Regan Platt is an offline marketing intern at Author Solutions, the world leader in supported self-publishing. She is currently a senior at Indiana University where she studies English. Regan is in Indiana University’s Liberal Arts Management Program, an honors level interdisciplinary program that incorporates Kelley School of Business courses with a liberal arts education.
William Faulkner: “Read, read, read. Read everything — trash, classics, good and bad, and see how they do it. Just like a carpenter who works as an apprentice and studies the master. Read! You’ll absorb it. Then write. If it’s good, you’ll find out. If it’s not, throw it out of the window.”
Meaning: Faulkner emphasizes the importance of immersion. If you constantly surround yourself with writing, then you can start to observe both valuable techniques and common pitfalls. As you put to practice what you’ve observed, your own writing will become all the better for it.
Write the book you can’t find.
Toni Morrison: “If there’s a book that you want to read, but it hasn’t been written yet, then you must write it.”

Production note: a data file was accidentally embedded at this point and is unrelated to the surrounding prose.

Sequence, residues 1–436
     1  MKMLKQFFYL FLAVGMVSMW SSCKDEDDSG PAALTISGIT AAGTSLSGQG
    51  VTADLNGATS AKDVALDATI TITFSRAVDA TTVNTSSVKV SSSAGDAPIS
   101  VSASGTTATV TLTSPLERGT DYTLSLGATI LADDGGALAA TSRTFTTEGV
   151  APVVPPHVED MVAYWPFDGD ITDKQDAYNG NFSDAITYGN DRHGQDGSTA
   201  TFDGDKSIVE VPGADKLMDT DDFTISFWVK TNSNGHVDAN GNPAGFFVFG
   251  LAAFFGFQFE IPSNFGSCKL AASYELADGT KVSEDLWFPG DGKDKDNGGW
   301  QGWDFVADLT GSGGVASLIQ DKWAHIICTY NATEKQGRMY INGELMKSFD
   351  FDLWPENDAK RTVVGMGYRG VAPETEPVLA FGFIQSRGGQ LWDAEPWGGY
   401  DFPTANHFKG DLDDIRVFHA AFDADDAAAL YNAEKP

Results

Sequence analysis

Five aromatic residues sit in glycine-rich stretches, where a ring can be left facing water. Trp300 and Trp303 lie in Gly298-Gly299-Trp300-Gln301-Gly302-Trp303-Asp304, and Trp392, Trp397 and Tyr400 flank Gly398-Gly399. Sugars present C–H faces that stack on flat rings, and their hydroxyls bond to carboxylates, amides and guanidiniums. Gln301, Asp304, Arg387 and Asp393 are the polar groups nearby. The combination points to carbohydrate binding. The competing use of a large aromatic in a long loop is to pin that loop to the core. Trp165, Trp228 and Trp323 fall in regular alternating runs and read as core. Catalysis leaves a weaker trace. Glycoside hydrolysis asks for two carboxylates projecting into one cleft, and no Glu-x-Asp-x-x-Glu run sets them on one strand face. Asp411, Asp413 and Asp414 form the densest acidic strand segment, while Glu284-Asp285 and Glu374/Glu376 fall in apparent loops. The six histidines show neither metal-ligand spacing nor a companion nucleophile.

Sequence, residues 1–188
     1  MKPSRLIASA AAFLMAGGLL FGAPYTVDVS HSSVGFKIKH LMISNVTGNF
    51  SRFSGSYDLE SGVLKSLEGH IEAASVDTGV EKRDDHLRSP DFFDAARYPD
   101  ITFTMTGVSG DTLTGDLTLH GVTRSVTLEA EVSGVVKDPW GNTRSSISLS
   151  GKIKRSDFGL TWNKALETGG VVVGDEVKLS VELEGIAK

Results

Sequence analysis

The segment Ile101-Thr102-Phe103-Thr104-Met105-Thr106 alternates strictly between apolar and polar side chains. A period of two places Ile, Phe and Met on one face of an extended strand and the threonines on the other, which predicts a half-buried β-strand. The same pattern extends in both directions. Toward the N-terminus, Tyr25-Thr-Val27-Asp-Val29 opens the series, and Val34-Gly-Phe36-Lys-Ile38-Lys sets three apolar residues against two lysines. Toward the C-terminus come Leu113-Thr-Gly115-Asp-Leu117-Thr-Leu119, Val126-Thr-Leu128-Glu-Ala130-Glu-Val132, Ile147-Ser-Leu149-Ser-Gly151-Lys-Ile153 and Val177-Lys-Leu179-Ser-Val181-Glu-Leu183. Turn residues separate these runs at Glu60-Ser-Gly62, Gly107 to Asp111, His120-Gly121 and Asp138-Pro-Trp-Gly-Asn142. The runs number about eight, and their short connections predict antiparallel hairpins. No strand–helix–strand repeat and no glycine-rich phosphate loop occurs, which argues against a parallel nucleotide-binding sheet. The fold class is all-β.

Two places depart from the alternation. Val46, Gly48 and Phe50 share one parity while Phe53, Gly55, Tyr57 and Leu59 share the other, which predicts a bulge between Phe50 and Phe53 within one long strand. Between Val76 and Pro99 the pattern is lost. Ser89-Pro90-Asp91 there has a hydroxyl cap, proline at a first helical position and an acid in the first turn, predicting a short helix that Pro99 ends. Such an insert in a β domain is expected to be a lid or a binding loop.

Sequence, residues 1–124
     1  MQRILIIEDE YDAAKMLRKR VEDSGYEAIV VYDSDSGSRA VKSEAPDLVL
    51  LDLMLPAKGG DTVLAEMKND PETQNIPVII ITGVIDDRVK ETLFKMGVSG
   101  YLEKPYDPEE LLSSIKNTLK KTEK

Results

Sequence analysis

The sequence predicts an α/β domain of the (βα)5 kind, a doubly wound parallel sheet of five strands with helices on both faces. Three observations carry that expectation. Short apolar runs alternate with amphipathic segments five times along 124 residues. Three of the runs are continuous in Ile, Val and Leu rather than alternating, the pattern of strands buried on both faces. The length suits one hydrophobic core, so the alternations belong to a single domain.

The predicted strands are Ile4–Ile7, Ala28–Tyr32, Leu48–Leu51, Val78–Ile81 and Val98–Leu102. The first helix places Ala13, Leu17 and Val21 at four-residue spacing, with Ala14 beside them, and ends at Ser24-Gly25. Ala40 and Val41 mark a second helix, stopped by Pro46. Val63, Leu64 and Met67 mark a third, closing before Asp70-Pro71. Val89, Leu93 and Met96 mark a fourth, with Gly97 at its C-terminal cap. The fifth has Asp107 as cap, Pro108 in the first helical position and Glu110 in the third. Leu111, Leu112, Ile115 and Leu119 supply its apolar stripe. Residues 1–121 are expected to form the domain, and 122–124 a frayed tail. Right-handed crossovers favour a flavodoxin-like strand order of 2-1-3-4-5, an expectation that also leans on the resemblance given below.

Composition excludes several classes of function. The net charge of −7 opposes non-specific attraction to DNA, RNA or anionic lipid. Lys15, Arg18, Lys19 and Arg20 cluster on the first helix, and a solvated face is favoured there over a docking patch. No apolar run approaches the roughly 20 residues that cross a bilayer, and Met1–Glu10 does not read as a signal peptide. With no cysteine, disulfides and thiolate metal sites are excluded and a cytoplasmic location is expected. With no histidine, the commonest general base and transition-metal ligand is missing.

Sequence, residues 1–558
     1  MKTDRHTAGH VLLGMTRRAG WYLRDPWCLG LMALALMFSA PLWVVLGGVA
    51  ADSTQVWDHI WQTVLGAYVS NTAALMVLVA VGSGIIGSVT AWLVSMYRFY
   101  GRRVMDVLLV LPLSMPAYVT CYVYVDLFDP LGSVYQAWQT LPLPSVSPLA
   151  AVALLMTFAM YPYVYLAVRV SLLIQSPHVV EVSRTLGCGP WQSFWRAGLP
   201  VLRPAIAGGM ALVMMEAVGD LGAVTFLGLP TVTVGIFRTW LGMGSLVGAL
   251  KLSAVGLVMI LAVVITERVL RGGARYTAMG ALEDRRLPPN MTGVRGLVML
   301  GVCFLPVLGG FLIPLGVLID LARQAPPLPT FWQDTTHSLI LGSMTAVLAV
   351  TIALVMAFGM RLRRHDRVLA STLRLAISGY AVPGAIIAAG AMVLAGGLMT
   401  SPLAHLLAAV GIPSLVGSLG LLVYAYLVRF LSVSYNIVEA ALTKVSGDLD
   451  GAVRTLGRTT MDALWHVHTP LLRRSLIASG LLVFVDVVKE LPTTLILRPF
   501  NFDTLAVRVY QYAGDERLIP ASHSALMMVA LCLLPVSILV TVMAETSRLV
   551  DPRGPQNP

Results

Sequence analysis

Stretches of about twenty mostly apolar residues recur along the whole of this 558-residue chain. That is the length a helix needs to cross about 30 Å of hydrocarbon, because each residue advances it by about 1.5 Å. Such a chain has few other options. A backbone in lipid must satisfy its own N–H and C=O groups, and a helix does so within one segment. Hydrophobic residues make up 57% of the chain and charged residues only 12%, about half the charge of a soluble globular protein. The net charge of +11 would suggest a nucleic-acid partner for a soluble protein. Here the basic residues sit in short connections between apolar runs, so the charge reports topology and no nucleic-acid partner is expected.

Meaning: This quote can be read as a call to arms for dreamers and “creatives.” The world would have so much less to read and dream if those with great stories never shared them.
Follow your instincts.
Saul Bellow: “You never have to change anything you got up in the middle of the night to write.”
Meaning: Bellow comforts and encourages fellow writers who work in bursts of passion. Inspiration may come at the strangest and least convenient of times, yet when the muse calls it is best to answer.
Robert Frost: “No tears in the writer, no tears in the reader. No surprise in the writer, no surprise in the reader.”
Meaning: Frost suggests that strong writing occasionally necessitates a stream-of-consciousness technique that leaves only feelings and ideas. This emotional work results in literary moments of ingenuity.
Show, don’t tell.
Anton Chekhov: “Don’t tell me the moon is shining; show me the glint of light on broken glass.”
Meaning: Our final quote by Chekhov reverberates the traditional writing advice “show, don’t tell.” Engaging writing leaves a reader to do some of the “visualizing” work themselves. Rather than dully listing the circumstances, great writing will reveal what’s happening in an innovative way.
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